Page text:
Organizations That Do Not Invest Even in Baseline Security Are Realistically Uncompetitive
Every year there are reports and surveys which make the case that security inhibits innovation, productivity and generally holds businesses back. I am not going to argue with that sentiment. Security requires that things are done in a certain manner, which can act as a constraint on wanting to do things a different way. What I do want to address is the notion that this is the case because security people just don’t get business. It’s actually the reverse – businesses do not get security. And this misconception is based on several fallacies, false beliefs and myths.
Security as an add-on cost
The first myth is that security is an add-on cost. It is not. Security is, instead, an inherent cost of using digital technologies. Any realistic calculation can only be done by weighing the two against each other – the gains of using digital technologies minus the cost of securing them. Only when that sum turns negative can it be considered an overhead. Digital Technology has granted huge gains and enabled the world to manage complexities that would be impossible to deal with any other way.
This argument is like claiming that minimizing the chances that an airplane will crash is an unnecessary cost. Planes are metal tubes powered by mechanical engines that fly hundreds of miles up in the air. Crashing is an inherent risk of flying. But the benefit of an airplane is that it can get us safely to a destination in a much shorter time than taking a ship, driving or walking.
If every third plane crashed, people would find an alternative method. It would not be an appealing everyday mode of transport. There is always a slight probability that a given plane can crash – but that probability is negligible (According to statistics, flying is in fact far safer than driving). The productivity gains and time savings, on the other hand, are immediately discernible, as anyone who has ever sailed from Europe to the US can attest.
Security can be bolted on after the fact
The second myth is that security can be bolted on after the fact. It cannot. Security must be included from the beginning, or it can rarely be effective. Design decisions made without consideration for security can make good security challenging to impossible.
As an example, despite decades of bad experiences and lessons learned from prior technology generations such as Mainframes and the Internet, best practices are regularly ignored when new technologies are introduced. From one technology evolution to the next, the expectation that security will be bolted on afterwards persists. IoT is the latest example of this axiom, where manufacturers rushing to market are oblivious to good security practices, with predictable consequences. Compared to the perception that security inhibits productivity and innovation, the reality is bad security has a far greater negative impact. There’s no greater inhibitor to innovation than a lack of trust in a technology because it has been badly secured.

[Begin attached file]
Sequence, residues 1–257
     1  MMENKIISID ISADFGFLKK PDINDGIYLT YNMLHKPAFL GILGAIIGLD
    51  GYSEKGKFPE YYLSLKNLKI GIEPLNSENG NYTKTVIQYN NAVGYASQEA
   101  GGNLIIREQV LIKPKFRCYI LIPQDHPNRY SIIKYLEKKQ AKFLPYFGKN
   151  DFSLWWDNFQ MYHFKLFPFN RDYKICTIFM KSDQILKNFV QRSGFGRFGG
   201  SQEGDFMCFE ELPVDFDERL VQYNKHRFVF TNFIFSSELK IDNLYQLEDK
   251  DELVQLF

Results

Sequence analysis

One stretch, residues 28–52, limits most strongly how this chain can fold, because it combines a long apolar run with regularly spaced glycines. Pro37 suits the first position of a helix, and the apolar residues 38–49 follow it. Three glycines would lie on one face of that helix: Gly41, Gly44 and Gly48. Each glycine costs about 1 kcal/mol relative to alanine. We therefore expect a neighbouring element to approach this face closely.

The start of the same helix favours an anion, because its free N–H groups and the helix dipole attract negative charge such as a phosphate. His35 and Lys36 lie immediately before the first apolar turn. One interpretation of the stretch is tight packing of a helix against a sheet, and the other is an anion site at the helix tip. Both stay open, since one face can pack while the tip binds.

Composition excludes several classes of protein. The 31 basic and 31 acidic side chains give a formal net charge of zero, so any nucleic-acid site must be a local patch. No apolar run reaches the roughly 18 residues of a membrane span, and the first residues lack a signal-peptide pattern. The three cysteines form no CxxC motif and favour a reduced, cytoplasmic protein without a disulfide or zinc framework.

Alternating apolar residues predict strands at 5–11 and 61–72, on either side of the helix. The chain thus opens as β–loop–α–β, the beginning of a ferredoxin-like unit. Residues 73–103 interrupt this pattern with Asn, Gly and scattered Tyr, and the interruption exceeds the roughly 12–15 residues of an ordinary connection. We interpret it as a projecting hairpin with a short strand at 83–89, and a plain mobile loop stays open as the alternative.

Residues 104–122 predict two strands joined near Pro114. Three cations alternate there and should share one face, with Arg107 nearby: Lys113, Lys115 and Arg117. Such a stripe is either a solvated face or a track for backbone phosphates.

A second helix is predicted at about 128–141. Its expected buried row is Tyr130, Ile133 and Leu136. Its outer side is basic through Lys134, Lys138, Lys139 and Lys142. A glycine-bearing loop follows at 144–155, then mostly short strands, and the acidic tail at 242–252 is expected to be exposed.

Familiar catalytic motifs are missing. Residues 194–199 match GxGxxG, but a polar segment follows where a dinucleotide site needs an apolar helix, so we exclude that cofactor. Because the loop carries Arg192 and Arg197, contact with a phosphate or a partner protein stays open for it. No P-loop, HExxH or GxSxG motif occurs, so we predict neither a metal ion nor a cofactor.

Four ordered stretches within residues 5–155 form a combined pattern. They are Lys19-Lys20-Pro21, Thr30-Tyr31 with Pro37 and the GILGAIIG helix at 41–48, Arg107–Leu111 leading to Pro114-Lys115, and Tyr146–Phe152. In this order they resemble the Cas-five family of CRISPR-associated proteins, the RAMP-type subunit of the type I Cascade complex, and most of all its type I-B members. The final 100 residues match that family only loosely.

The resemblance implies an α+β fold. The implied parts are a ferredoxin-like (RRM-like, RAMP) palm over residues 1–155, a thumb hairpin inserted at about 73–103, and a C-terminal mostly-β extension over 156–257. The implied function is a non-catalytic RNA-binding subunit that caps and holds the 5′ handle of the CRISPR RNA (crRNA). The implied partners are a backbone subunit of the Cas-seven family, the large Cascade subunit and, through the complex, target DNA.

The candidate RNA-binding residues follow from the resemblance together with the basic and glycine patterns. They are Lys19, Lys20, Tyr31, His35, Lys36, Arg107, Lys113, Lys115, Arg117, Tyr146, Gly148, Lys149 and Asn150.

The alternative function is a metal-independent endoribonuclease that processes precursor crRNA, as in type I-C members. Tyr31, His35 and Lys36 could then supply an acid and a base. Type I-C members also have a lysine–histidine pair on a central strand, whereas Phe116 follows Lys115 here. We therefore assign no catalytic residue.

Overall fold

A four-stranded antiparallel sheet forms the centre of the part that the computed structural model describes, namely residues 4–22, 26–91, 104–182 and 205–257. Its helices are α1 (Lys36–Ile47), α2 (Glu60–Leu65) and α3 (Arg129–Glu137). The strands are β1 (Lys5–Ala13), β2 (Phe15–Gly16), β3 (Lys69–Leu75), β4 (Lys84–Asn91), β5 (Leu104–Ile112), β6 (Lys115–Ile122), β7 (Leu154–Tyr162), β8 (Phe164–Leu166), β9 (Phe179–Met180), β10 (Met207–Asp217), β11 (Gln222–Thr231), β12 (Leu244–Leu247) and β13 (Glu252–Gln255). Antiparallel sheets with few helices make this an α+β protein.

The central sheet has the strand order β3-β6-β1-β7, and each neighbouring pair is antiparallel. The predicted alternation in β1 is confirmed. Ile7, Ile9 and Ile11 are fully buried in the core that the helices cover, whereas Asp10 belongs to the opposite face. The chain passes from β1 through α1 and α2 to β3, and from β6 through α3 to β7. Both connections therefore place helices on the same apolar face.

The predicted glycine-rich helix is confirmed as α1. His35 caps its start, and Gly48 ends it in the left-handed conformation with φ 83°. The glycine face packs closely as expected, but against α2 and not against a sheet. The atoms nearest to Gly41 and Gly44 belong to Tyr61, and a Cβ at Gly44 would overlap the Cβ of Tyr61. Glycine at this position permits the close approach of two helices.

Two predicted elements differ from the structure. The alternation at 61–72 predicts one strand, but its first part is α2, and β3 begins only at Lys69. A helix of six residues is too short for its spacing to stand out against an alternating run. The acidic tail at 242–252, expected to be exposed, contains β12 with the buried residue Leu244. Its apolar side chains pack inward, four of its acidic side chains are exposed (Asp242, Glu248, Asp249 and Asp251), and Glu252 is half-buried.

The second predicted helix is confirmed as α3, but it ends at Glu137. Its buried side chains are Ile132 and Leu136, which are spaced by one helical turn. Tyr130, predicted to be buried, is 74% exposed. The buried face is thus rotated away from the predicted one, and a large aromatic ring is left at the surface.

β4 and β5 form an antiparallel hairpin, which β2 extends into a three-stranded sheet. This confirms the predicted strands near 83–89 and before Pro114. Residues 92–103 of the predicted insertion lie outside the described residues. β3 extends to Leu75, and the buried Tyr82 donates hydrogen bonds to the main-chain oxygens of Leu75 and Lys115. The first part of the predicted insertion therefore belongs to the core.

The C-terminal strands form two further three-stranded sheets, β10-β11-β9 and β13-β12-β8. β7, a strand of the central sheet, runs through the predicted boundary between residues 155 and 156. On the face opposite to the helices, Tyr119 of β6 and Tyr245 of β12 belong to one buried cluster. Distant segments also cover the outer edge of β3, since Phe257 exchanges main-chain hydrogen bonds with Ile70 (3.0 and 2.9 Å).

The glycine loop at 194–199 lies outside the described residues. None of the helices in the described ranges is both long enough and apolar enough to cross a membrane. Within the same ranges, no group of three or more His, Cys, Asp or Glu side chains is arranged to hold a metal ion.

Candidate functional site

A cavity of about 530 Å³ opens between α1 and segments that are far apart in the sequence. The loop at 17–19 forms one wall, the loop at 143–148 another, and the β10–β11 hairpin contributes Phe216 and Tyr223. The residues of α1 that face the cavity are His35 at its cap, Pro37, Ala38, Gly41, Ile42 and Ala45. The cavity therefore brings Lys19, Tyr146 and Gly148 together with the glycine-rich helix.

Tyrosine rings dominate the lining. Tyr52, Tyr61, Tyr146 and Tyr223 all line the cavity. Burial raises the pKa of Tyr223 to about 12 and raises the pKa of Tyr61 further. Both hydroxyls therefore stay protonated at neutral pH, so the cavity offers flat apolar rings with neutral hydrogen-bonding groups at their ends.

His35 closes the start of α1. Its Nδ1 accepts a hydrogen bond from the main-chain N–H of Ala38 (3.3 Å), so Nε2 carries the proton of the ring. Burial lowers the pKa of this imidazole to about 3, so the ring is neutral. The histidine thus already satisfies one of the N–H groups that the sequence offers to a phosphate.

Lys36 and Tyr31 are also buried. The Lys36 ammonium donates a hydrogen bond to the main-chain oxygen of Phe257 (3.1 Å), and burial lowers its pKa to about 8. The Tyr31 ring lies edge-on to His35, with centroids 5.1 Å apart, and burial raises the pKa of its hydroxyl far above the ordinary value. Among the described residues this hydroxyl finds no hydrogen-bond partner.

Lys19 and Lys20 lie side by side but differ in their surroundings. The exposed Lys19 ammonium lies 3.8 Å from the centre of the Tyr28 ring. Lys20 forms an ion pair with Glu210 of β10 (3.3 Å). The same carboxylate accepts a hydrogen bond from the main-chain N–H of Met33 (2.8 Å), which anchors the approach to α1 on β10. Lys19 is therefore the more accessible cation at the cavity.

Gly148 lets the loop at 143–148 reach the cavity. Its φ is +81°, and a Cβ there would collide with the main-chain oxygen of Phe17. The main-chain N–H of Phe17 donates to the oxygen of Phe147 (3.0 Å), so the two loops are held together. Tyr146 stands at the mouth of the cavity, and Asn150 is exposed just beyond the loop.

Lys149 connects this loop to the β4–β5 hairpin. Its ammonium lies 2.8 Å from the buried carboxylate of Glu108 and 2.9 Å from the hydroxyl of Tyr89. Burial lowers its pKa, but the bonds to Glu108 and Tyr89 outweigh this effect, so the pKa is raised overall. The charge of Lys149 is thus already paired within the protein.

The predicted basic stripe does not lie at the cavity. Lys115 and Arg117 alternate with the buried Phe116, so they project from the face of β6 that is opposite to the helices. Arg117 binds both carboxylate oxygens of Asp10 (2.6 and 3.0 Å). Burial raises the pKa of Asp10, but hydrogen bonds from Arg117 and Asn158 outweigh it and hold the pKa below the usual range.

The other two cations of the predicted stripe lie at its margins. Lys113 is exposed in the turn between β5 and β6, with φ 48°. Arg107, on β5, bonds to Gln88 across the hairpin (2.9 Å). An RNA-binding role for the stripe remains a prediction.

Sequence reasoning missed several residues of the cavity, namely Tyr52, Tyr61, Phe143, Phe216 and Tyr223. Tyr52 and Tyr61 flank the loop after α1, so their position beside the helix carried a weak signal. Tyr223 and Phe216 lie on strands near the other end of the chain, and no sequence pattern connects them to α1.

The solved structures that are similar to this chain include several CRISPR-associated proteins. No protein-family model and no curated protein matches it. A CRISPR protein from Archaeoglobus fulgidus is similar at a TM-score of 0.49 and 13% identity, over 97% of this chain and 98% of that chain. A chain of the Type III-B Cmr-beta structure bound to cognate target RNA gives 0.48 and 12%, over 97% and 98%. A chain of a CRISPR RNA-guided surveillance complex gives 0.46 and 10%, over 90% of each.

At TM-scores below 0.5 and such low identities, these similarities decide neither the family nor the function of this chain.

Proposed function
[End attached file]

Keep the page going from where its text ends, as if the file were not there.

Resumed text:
Making Security Easy
The greatest myth of all is that security people should make security easy. Good security isn’t easy, and many of the challenges and problems it must address do not actually derive from the security field.
This is like blaming a doctor for the fact that human bodies are frail. Similarly, since we know smoking increases our chances of getting lung cancer, we can’t smoke and then blame the doctor for not being able to cure the cancer. Security people don’t intentionally complicate business processes, instead it is often a by-product of providing good security. They also would prefer if it was easy.
There are discussions around enabling the business with security, which are of course ludicrous. Security enables a business to be secure and nothing else. This may provide a competitive advantage in some cases, but in general it has a very different basis. People don’t try to avoid sickness, injury and stay alive for a competitive advantage, they stay alive because the alternative is to be dead.
The alternative to good security is being breached – with all of the associated consequences: losing credibility, trust, intellectual property, money and not fulfilling regulatory compliance. Not being the victim of these things already enables the business.
Organizations that can’t afford even baseline security, which includes patching, are realistically uncompetitive. Until recently this has been ignored, businesses have gotten away lightly, but we already seeing this change. Ask some of the former executives of Equifax if they would push the security team to prioritize Innovation and Productivity over Security again.
It is easy to believe you are flying when you are actually falling, just because you haven’t hit the ground yet.